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Lost Youth: Vietnam revisited by one who wasn't there




Lost Youth: Vietnam revisited by one who wasn't there**

A friend remarked recently what a pity it was that our society had lost the optimism of the 1960s. She was thinking about marijuana communes and free love and the Great Society, but still it seemed a strange thing to say.

What I remember from those years is playing at war in the woods and waiting for the evening news so I could silently celebrate when I heard that we'd killed more North Vietnamese than they had of us. We killed them fair and square, through "interdiction" rather than "bombing" and with minimal "collateral damage" in the form of dead civilians. Even at ten I recoiled in horror at the news of the 1968 My Lai massacre, sensing somehow that I had helped create this monstrous act in which clean-cut American boys brutally tortured and murdered a whole farming village. To be guilty of practicing violence, you need only be a participating member of a society that encourages it. Even if you were born after the war, you feel this at The Wall in Washington: With our own faces rimmed in black, the names of our victims scrolling across our forehead, once and for all we indict ourselves and we feel the need to lay our hand on the chiseled stone. A decade of optimism? Our boys went because they were told, murdered because it came naturally and died because they didn't know how not to.

But my friend had set me thinking about whether I had learned anything from those years. "Know your enemy and know yourself," wrote the ancient Chinese strategist Sun Tzu, "and you can win a hundred battles." So it was that a few days later, in pursuit of myself, I was drawn to Durham's own little Vietnam Memorial.

A sign on Duke Street ballyhoos the shrine, but once you turn onto Murray Avenue you're on your own. I parked and ambled along Ellerbee Creek, where I came across three girls giggling on a swing set, a little league diamond and a split rail fence beside a meadow chortling with insects. To the north, the banks of the creek sported many clumps of a purplish flower with leaves like his-and-her arrowheads, which erupted into hairy, flat-topped lavender clusters on blood-red stems. This was mistflower, a close relative of Joe-Pye weed, whose medicinal properties for treating fever had been identified by Mithridates the Great around 100 B.C.E. Mithridates, an amateur pharmacologist, was said to have drunk a little hemlock every day to inure his system so his enemies would be unable to poison him. We've learned a lot from him--maybe too much. I plucked off a cluster to take home.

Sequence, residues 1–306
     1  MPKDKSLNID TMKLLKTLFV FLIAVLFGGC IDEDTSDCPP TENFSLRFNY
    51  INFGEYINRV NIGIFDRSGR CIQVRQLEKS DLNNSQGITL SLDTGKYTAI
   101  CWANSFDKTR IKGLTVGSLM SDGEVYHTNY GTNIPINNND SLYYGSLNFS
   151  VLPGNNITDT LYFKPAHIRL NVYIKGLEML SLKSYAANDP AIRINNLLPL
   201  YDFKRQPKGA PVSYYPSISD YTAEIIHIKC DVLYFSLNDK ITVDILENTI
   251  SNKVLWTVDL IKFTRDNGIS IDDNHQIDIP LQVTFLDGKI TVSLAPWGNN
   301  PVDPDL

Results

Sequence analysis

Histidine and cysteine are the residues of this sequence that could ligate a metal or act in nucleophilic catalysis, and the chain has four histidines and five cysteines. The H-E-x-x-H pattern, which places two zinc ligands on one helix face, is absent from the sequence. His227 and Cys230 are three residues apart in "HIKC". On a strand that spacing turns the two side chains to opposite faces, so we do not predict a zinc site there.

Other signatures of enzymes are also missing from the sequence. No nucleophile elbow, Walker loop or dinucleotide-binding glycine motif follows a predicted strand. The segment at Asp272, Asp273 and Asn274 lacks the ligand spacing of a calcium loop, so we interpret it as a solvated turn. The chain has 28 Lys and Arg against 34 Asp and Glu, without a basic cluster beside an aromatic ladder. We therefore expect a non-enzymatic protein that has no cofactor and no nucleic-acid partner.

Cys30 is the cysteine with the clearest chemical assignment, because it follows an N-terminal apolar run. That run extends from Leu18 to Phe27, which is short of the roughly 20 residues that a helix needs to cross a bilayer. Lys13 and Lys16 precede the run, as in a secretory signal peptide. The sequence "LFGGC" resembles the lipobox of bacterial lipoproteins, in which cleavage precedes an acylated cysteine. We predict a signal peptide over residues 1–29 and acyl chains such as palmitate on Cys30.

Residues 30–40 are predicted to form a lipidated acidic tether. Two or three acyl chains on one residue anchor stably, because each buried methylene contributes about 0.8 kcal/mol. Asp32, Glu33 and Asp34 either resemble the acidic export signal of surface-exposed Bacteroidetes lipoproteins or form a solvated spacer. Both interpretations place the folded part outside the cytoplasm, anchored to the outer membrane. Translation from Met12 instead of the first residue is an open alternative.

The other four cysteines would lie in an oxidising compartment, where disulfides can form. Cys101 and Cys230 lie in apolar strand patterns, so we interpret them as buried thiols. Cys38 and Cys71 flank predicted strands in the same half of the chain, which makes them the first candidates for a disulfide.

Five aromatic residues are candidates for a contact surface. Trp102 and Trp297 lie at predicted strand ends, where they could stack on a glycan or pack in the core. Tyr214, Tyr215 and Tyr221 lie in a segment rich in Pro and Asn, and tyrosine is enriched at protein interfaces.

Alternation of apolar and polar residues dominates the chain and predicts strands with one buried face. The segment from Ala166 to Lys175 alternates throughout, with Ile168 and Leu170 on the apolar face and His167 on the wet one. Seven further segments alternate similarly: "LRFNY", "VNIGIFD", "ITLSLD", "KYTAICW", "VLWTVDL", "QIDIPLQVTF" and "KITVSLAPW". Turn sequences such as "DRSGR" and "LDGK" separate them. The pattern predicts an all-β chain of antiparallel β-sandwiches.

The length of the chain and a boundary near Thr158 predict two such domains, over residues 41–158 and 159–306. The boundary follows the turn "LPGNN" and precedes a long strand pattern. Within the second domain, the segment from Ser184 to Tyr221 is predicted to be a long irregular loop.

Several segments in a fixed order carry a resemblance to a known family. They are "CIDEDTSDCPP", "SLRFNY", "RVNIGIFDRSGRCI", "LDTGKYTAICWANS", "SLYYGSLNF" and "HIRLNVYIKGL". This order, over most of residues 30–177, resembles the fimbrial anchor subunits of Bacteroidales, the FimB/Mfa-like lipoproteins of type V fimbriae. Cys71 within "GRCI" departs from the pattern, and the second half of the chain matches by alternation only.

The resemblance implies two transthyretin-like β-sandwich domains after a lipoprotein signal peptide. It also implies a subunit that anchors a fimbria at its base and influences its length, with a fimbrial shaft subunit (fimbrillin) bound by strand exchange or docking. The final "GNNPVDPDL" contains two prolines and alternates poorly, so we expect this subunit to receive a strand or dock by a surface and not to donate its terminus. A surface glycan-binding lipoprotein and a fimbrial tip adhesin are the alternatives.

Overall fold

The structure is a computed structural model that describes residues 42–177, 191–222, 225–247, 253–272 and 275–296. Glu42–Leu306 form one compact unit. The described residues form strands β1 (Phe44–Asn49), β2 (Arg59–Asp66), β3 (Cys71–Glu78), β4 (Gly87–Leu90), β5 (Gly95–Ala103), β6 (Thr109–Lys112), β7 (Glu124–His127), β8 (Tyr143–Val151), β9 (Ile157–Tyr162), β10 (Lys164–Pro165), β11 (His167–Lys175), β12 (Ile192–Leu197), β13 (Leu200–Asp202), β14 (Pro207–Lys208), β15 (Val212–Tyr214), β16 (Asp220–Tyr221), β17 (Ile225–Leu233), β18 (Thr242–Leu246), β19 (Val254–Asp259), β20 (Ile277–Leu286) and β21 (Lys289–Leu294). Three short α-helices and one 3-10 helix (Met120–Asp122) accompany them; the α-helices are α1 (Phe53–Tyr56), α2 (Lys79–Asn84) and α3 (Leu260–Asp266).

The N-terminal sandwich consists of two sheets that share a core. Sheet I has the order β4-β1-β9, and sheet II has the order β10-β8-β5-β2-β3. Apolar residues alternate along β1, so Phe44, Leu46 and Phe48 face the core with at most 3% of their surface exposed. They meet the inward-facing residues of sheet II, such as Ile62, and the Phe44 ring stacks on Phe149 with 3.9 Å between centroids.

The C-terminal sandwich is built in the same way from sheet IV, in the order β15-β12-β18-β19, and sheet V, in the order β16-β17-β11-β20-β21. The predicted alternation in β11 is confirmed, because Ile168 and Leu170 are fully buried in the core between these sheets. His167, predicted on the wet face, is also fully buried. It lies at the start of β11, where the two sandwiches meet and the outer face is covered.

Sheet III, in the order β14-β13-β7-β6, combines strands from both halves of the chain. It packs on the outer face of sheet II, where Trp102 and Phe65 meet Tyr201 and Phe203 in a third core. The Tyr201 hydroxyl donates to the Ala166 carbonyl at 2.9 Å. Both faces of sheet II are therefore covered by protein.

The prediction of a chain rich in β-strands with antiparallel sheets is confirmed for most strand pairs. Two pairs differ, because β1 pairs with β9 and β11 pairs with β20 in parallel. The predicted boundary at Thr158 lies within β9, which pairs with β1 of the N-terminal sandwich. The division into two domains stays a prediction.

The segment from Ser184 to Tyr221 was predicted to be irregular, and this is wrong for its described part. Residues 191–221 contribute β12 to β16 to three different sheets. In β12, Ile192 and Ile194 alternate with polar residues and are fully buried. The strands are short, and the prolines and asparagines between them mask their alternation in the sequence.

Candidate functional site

I finally came across the memorial, without warning, in the woods behind the Edison Johnson Recreation Center. A truncated oval of raised bricks, floored with sand and detritus from recent runoffs, its central feature is a large granite book with a bright red placeholder. You learn from a sign on the back, dated 1992, that red symbolizes blood. The book is opened to a rambling list of facts and thank-you's run together with ellipses as though the words had been lifted from an encyclopedia or from a carefully worded proclamation: "America's longest war... over 50,000 dead... these men and women died with dignity... serving freedom." One infers some controversy at the time of its construction from the understated tone of the memorial, its isolation and its apparent neglect. In Vietnam, where they also say they fought that war in the service of freedom, you see many more public and more forthright shrines, bedecked with gay red flags. Of course, they won.

I thought about America's men at the top, those desperate nebishes with adding machines who knew their Clausewitz better than their Sun Tzu, and who only now have been coming forward with humility to admit that they sacrificed 50,000 teenagers on the altar of an infirm policy. Governments do not feel shame. Governments manage resources, trade off, wheel and deal, and do the best they can to perpetuate themselves. People feel shame. In this sad and hidden place, even here where my adopted city had placed an unobtrusive and blushing memorial to its war-dead, I needed to run my hand along the granite, to whisper a benediction and a prayer for forgiveness. Yes, war lives on in our souls, working there long after the shooting has stopped. It even continues to ferment in the bellies of gormless ten-year olds.

Surprisingly, my mistflower is still quite beautiful when dried and I have set it in a vase where I see it every day. It reminds me that, even in the midst of my worst cynicism, it is pleasant and possible to find a place of rest. There is always some reason for optimism. And at whatever risk, I am trying to swear off my daily glass of poison.

Paul Baerman, Fuqua '90, is a University employee.


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